Katie Chong- In the 2004 hit movie, “Mean Girls,” Cady Heron is told to not join Mathletes because Regina George thinks it is “social suicide.” When Cady eventually joins Mathletes, she is the only girl on the team. Unfortunately, her experience is where the line between movies and real life is blurred.
As a member of Math Team, Scholastic Bowl and the Debate team, I proudly call myself a “nerd.” However, in my two years at WHS, I can’t help but notice the disparity between male and female student participants. Most students I interviewed, male or female, agreed that boys seem to dominate the academic extracurricular scene. The reality is, some girls are embarrassed to be in or join academic clubs. I am guilty of this, too. Girls, especially in high school, are so self-conscious about others’ opinions. “I have been embarrassed (to be in Math Team), but then I realized that I shouldn’t be embarrassed to be myself,” Lia Decoursey, sophomore said.
The problem starts earlier than we think. “Look at our toys. Girls are given Barbies that go shopping and boys are given Legos that set foundations for engineering” Becky Torres, sophomore, said. In fact, according to American Association of University Women, only 15% of freshman girls are planning a career in STEM while their male counterparts are double that. “I don’t agree with it, but engineering has been labeled as ‘more masculine.’” Brian Dardon, junior said. Another thing I have been guilty of is being afraid that if I’m smarter than the boy I like, he will no longer be interested in me. In “Mean Girls,” Cady dumbed herself down, believing that if she did Aaron Samuel would like her back.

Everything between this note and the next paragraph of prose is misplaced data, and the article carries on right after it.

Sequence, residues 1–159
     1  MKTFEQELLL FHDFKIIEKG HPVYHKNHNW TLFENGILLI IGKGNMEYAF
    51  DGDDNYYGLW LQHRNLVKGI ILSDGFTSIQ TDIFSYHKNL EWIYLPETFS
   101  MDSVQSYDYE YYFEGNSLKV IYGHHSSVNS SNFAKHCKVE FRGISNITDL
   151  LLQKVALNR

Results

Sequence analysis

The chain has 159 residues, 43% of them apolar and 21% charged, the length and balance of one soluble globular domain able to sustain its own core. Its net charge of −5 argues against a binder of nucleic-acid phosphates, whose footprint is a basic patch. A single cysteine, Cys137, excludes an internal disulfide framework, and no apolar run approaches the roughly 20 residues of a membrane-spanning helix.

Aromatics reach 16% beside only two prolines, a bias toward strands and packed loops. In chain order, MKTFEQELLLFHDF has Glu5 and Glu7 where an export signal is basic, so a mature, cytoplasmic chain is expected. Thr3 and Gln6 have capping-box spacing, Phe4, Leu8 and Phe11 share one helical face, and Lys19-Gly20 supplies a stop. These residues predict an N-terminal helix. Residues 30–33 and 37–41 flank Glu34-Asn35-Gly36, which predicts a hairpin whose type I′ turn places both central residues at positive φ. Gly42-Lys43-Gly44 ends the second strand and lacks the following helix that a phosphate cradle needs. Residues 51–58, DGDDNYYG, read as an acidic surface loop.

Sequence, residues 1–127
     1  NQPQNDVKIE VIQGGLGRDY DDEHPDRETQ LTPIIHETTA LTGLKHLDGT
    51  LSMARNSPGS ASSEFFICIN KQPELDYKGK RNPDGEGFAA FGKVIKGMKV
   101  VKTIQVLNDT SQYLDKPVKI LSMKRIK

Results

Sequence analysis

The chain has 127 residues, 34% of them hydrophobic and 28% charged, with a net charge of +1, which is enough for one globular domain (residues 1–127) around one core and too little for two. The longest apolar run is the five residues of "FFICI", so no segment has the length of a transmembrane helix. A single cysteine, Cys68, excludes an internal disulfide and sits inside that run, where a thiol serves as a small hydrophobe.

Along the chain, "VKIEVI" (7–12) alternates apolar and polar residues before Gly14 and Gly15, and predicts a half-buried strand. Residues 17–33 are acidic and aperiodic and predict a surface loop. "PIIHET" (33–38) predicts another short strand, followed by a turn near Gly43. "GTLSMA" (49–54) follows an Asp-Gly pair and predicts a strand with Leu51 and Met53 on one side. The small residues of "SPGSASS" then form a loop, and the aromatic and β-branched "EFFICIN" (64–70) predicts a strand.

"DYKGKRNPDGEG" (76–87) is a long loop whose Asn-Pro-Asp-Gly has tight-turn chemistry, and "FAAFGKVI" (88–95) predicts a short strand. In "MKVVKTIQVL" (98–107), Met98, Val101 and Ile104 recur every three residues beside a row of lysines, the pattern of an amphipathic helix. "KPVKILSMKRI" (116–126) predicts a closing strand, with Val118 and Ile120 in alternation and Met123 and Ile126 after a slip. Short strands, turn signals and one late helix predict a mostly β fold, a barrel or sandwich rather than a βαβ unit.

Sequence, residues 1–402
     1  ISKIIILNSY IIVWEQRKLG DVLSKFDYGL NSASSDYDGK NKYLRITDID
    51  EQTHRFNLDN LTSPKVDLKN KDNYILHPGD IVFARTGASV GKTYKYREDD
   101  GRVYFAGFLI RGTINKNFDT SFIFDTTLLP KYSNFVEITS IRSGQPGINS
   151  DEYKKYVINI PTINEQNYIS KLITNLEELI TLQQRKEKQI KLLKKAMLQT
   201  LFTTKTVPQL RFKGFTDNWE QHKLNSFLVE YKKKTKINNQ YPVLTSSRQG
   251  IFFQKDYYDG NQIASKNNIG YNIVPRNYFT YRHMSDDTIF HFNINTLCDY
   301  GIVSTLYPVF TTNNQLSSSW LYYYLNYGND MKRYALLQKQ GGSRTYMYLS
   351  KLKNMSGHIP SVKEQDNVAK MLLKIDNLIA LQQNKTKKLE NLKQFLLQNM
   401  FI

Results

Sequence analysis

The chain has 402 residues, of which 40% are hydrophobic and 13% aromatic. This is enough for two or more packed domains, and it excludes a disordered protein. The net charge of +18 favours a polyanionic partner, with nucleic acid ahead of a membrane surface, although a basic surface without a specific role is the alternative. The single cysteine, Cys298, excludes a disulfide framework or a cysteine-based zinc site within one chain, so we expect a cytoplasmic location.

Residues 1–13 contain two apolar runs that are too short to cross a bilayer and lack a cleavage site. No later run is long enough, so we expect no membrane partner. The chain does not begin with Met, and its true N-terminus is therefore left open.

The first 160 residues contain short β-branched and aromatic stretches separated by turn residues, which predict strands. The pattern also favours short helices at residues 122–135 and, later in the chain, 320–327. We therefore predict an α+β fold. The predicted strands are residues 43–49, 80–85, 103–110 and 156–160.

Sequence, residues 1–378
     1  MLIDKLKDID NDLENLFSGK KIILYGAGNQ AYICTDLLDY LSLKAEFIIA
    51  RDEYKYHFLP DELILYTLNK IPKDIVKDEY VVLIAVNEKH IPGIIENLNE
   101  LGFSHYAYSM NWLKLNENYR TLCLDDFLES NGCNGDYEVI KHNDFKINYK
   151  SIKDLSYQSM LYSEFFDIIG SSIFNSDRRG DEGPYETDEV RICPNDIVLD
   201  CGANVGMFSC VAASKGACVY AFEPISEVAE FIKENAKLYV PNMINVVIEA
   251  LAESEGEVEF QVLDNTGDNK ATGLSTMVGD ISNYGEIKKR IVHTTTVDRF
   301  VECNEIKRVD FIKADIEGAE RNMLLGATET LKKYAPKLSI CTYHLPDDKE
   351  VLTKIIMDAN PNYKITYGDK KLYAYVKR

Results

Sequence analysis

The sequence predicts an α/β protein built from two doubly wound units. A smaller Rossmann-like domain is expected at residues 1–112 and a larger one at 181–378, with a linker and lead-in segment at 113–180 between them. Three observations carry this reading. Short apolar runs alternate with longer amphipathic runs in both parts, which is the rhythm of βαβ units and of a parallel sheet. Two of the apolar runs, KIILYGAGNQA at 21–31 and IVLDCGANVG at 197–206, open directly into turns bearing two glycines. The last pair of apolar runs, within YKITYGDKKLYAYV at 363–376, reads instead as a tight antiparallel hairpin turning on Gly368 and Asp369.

But girls do not have to be scared anymore. We do not have to be embarrassed anymore. “Don’t be afraid. If it’s right for you, do it. High school is once in a lifetime.” Irene Kesselman, junior, said. Fortunately, intelligence is being appreciated more and more everyday. “I don’t think there’s a negative connotation with being smart anymore. People are starting to realize the benefits of being smart and actually are jealous of people smarter than them,” Solomon Kong, freshman, said. “There’s nothing wrong with being smart.”
Intelligence is not a gender specific thing. Everyone should be allowed to do what they love without the fear of judgement.
“I could care less if a guy or a girl is next to me (during academic extracurriculars), as long as they’re doing what they enjoy. The stigma shouldn’t hold anyone back from doing what they enjoy There’s not differences in performance between guys and girls, so there shouldn’t be difference in participation,” Dardon said.